Gov. Rick Scott on Thursday signed a bill known as "Legacy Florida" that opens a tap of cash to help restore the Everglades, the state's natural springs and Lake Apopka.
The measure (HB 989), which was a priority of legislative leaders and had the support of conservationists, could annually set aside more than $250 million for restoration work. The money will come from funds that voters designated in 2014 to manage and preserve state lands and waters.
"I want to thank the Florida Legislature for fulfilling the promise I made to create a dedicated source of funding to restore the Florida Everglades," Scott said in a prepared statement.
The release from Scott's office also noted that the governor will hold ceremonial bill-signings across the state in the coming weeks.
"The Legacy Florida program will allow us to provide clean water to Florida's growing population and will aid us in completing the decades-long restoration of the River of Grass," House Speaker Steve Crisafulli, a Merritt Island Republican, said in a statement.
The money for the work will come from the state's land-acquisition trust fund, which is used to carry out a 2014 constitutional amendment that requires a portion of documentary-stamp taxes to be set aside for land and water buying and preservation.
Conservationists considered the Legacy Florida measure their biggest accomplishment of the 2016 legislative session and hope that lawmakers will continue to carve out money from the voter-backed amendment for other priorities.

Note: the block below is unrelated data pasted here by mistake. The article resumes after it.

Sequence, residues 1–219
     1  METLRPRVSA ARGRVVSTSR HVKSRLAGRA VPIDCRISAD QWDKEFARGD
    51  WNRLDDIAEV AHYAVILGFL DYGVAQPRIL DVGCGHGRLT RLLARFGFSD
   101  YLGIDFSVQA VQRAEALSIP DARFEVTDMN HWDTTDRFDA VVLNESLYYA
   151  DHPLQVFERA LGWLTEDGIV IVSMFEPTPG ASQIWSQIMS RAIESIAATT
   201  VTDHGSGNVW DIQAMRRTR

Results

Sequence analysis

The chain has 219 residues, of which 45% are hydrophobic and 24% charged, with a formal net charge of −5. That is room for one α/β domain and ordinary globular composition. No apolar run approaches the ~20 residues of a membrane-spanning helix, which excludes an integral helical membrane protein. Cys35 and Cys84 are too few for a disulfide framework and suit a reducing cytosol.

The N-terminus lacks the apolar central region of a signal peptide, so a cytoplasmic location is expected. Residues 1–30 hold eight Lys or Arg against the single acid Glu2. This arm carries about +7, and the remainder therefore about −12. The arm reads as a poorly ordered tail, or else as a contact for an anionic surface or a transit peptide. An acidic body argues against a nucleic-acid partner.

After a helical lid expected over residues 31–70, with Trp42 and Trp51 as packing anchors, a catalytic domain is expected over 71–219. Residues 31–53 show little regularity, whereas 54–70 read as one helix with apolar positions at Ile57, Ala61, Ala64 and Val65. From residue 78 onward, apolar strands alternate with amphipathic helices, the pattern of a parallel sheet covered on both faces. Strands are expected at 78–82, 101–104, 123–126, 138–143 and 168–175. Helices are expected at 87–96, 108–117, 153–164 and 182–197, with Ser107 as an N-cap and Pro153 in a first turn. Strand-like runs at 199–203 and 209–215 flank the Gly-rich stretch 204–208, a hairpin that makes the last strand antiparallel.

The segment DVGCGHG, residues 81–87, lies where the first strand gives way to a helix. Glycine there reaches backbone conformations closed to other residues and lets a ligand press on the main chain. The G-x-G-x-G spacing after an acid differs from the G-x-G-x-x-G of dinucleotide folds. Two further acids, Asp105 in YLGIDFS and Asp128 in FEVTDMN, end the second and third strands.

"I like the idea of earmarking. If we could just get a generous earmark for land conservation, then we will have finally achieved exactly what the voters wanted," said Eric Draper, executive director of Audubon Florida. "But the voters certainly wanted the Everglades. That was in the first line of the amendment."
The funding doesn't address issues such as water problems in Northwest Florida's Apalachicola Bay or in the northern Indian River Lagoon in Brevard County, where "brown tide" problems have resulted in thousands of fish dying. But it is expected to help areas such as the St. Lucie and Caloosahatchee estuaries that have been harmed by polluted water releases from Lake Okeechobee.
Incoming Senate President Joe Negron, a Stuart Republican who sponsored the Senate version of the Legacy Florida bill, said the measure "will bring much needed relief to our community and others impacted by water releases from Lake Okeechobee."
The Everglades work is expected to draw more water from Lake Okeechobee to the south, away from the St. Lucie and Caloosahatchee estuaries.
In February, Scott signed an executive order that declared a state of emergency for counties —- Martin, St. Lucie and Lee —- impacted by discharges from Lake Okeechobee.
State Affairs Chairman Matt Caldwell, R-North Fort Myers, and Rep. Gayle Harrell, R-Stuart, sponsored the bill in the House.
Under the Legacy Florida plan, the state will designate up to $200 million a year to the Everglades, $50 million annually to the springs and $5 million a year to Lake Apopka, which environmentalists consider the state's original polluted lake.
Under the bill, the Everglades and Lake Apopka funding will run until the 2025-2026 fiscal year. No end date has been attached to the springs funding.
The measure was the last bill approved before the session ended March 11, getting near-unanimous support.
The House initially sought to limit Legacy Florida to the Everglades, where projects have already been identified through the Central Everglades Planning Project, the Comprehensive Everglades Restoration Plan and the Northern Everglades and Estuaries Protection Program.
But some key senators have long pushed for springs projects. Negron has said he expects the Department of Environmental Protection to provide lawmakers with a ranking of springs projects next year.